COMPLETE TRANSCRIPT

Welcome to ESLpod.com's “A Day in the Life of Jeff,” part five: The Commute to Work. I'm Dr. Jeff McQuillan, your host.

This part of our course is going to talk about going to work and vocabulary related to commuting. Let's get started.

[Start of story]

I open my car door and throw my briefcase in the back seat, and get comfortable for my drive. I put my coffee mug into the cup holder, put the keys in the ignition, find the gas pedal, and start the car. My wife drove the car last night, so I have to re-adjust the rear view mirror and the side mirrors. I turn on the radio to listen to the drive time traffic report. I take the transmission out of park and into reverse, back out into the driveway into the street, close the garage door, and put the car into drive. I used to drive a stick shift, but as I get older, I like my automatic transmission more and more.

I usually take the freeway to the office, so I get on the onramp for the freeway and drive to where I have to get off. My office is only a few miles from the exit. I pull into the parking garage, swiping my key card to get in. I park, grab my briefcase and coffee, and head toward the elevator. And that only took 40 minutes!

[End of story]

Part five is called “The Commute to Work.” Commute, “commute,” can be both a noun and a verb. It means to go from your house to your work. Usually, if you live a long distance from your work, you would say, “I have a long commute.” Or, if you live close to work, you would have a short commute. If it's a very long commute with lots of traffic, you might say, “I have a terrible commute” - a very bad commute.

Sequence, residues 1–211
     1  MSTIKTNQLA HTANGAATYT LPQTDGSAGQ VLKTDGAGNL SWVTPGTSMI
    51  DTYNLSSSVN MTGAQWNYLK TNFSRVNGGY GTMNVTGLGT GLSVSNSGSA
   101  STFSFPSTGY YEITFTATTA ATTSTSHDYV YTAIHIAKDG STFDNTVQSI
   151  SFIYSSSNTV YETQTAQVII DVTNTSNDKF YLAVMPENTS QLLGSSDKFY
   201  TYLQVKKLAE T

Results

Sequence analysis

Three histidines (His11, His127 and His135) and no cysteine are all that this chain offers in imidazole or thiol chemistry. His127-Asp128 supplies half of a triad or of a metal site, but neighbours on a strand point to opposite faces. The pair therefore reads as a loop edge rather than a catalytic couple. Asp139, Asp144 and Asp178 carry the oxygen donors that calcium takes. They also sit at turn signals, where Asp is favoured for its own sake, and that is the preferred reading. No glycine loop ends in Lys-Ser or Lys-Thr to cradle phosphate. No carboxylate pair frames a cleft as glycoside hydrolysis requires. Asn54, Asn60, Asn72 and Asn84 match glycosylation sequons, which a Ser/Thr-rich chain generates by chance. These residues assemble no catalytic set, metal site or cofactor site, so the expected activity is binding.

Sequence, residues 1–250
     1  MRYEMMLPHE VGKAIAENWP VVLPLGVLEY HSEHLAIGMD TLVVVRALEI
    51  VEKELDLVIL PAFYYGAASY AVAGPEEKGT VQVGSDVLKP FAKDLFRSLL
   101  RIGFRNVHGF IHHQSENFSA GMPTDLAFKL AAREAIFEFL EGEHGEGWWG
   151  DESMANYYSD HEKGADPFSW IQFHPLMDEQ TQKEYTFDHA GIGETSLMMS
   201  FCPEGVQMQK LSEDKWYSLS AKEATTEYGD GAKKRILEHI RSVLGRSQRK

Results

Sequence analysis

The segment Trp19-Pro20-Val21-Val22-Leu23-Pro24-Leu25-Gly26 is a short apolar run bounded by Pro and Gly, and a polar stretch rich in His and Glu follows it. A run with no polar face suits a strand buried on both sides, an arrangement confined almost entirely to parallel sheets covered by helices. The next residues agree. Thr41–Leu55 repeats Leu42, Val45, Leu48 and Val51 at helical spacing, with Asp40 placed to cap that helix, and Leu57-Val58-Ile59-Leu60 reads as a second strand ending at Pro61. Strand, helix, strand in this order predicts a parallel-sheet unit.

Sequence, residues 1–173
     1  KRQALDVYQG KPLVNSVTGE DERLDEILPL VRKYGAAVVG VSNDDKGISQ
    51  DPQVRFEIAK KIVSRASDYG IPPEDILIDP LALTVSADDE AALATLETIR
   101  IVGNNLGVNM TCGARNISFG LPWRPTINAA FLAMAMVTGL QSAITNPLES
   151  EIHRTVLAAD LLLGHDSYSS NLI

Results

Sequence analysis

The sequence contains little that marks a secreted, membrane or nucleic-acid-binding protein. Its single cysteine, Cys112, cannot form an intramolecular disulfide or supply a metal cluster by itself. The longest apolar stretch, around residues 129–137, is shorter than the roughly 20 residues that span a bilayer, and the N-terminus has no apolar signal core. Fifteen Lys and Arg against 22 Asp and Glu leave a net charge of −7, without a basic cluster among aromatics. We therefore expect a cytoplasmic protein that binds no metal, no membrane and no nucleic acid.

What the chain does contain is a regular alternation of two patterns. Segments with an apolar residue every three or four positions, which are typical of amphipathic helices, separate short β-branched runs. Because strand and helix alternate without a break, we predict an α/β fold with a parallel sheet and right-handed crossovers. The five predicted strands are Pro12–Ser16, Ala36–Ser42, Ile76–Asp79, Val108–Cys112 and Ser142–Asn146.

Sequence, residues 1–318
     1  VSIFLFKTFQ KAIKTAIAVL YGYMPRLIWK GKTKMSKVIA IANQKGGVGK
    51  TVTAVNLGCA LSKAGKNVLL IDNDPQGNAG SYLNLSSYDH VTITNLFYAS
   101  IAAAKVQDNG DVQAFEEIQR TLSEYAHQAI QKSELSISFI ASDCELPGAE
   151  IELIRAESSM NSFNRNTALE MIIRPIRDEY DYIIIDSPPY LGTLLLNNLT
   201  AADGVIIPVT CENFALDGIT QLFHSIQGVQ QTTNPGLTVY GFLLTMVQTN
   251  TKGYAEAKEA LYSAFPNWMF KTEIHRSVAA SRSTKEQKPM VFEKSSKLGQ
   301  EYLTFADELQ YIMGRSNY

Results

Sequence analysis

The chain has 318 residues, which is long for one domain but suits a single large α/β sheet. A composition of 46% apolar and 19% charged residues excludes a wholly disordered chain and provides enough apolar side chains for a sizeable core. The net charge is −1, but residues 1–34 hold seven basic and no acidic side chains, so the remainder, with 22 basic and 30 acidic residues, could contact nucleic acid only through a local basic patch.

The story begins by me saying that “I open my car door and throw my briefcase in the back seat.” So, I open my front door - the door that we would call the driver's side, where the driver gets in, and in an American car, that is on the left side. Cars in Britain are on the right side, is the driver's side. So, I get into the left side in the front door. If you have a car that has a back seat, you could have a two-door car or a four-door car. Four doors means that you have separate doors for the back seat.

The seat, “seat,” is what you sit in. So, the back seat is where people can sit behind you - behind the driver and behind the person next to the driver. We call the seats the passenger seats and the driver's seat. The right side of the car is usually called the passenger side of the car.

I “get comfortable for my drive” - for my commute - notice we use drive there as a noun; it can be a verb and a noun. “I put my coffee mug into the cup holder.” A mug, “mug,” is just a big cup. We talk about coffee mugs, they're big cups that you put your coffee into. In many cars, there is a special place for a cup or a bottle, and that's called a cup holder, “holder.” It holds the cup so you can have your coffee in your car.

I “put the keys in the ignition.” The keys are, of course, what starts your car. It's the piece of metal that you open your car door with - you unlock it. Well, you also start the car with your keys, and you put them into something called the ignition. And, the ignition, “ignition,” is the part of the car that starts the engine. Usually it makes a certain sound - a certain noise, and once the engine starts, then you don't have to put the key forward, you just leave the key there, you take your hand off of it. The word ignition comes from the verb to ignite, “ignite,” which means to start a fire - to start something burning, and of course, a car burns gasoline, that's what the engine does in order to make the car move.

After I put the keys into the ignition, I “find the gas pedal.” A pedal, “pedal,” is something you use to control with your feet usually the speed of something. So the gas pedal is the pedal that you press down to go faster, it gives the engine more gas. That word, pedal, can also be used as a verb. If you are on a bicycle, in order to make the bicycle move, you have to pedal because the things that your feet are on on a bike, or a bicycle, are called pedals. Well, you don't pedal your car, but you do have a gas pedal.